USA: No US dietary supplements provide critical nutrients in the doses required for pregnant women, is a conclusion drawn from a recent study published in the American Journal of Clinical Nutrition. The researchers posit that the significant US dietary supplement is not meeting pregnant women’s nutrient needs.
“Convenient and affordable products that fill the gap between food-based intake and estimated pregnancy requirements without inducing excess intake are required to support pregnant women and their offspring,” the researchers wrote in their study. They found affordable dietary supplements that provide critical nutrients in proper doses for pregnant women are virtually nonexistent.
Previous studies have suggested that inadequate or excessive nutrient intake during pregnancy may lead to adverse maternal and offspring health outcomes. Dietary supplements are common (more than 70% of pregnant women). Still, it does not prevent the risk of improper intake of all nutrients and causes more than 25% of pregnant women to consume more than the maximum intake levels of iron and folic acid, which may lead to adverse health effects. This indicates that formulations of commonly used dietary supplements are not adequately addressing the gap between food-based intake and estimated pregnancy requirements.
To fill this knowledge gap, Katherine A. Sauder, University of Colorado Anschutz Medical Campus, Aurora, CO, USA, and colleagues aimed to estimate the supplementation doses required to help most pregnant women achieve the recommended consumption without exceeding upper limits for critical prenatal nutrients and to identify US dietary supplements providing these doses.
The analysis considered six nutrients with the strongest evidence for a potential benefit for health outcomes of mother and child: vitamin D, vitamin A, folate/folic acid, iron, calcium, and omega-3 fatty acids (ω-3 FAs). The authors aim to provide target doses for supplementation of these critical nutrients and produce a list of products currently available in the US that give these target doses.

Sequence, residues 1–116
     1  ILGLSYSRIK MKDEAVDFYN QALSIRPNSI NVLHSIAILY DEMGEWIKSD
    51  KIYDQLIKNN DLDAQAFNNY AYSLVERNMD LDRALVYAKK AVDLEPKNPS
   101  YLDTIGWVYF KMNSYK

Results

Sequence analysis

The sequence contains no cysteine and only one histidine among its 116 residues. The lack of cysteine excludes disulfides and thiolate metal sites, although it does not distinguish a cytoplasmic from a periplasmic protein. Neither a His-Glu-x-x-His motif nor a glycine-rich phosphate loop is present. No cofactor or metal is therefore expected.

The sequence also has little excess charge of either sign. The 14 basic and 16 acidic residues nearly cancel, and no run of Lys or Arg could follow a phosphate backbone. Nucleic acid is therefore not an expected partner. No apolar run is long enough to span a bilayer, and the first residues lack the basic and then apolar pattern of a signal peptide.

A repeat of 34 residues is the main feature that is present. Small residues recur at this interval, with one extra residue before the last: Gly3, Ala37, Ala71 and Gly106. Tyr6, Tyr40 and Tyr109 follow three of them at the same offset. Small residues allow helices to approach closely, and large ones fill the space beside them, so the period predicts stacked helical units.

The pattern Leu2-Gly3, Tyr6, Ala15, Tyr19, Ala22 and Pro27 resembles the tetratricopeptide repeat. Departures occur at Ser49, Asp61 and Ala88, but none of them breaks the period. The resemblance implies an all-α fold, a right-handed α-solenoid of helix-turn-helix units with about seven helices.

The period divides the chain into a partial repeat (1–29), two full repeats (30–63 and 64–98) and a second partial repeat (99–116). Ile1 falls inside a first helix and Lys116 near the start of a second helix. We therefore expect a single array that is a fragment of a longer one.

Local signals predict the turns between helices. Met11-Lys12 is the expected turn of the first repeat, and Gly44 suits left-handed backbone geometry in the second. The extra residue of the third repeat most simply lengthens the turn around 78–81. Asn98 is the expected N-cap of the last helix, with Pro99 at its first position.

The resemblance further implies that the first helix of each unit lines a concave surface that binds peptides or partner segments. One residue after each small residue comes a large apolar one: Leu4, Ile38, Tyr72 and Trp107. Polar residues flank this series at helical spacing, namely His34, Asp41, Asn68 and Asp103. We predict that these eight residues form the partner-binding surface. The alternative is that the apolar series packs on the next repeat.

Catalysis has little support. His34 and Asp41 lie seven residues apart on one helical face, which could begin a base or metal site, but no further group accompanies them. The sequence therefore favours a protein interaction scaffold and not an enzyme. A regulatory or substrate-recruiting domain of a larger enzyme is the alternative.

24-h dietary recalls were conducted in 2450 pregnant participants aged 14–50 from 2007 to 2019. The authors calculated the target supplementation doses required to shift 90% of participants to consume above the estimated average need and keep 90% below the tolerable upper limit.
The authors reported the following findings:
The target dose for supplementation was ≥198 mcg retinol activity equivalents of total vitamin A (with ≤2063 mcg preformed retinol); 169–720 mcg dietary folate equivalents of folic acid; 7–91 mcg vitamin D; 13–22 mg iron; 383–943 mg calcium; and ≥59 mg ω-3 fatty acids.Out of 20,547 dietary supplements (comprising 421 prenatal products), 69 products (33 prenatal) contained all six nutrients; 7 products (2 prenatal) contained target doses for five nutrients.Only one product (not a prenatal) contained target doses for all six nutrients, but it currently costs ∼USD200/mo and requires seven tablets per daily serving.
Based on the findings, the researchers need clarification of the lower and upper dosing thresholds associated with specific health outcomes.
“Products’ reformulation or development that maximize the number of pregnant women receiving adequate (but not too much) vitamin D, vitamin A, calcium, folic acid, iron, and ω-3 FAs is required,” they wrote.
They conclude, “Despite patients believing they are getting everything they need with their product purchase, they fall short of guideline-recommended requirements.”
Sauder, K. A., Couzens, G. L., Bailey, R. L., Hockett, C. W., Switkowski, K. M., Lyall, K., Kerver, J. M., Dabelea, D., Maldonado, L. E., O’Connor, T. G., Deoni, S. C., Glueck, D. H., & Catellier, D. J. (2023). Selecting a dietary supplement with appropriate dosing for 6 key nutrients in pregnancy. The American Journal of Clinical Nutrition, 117(4), 823-829. https://doi.org/10.1016/j.ajcnut.2022.12.018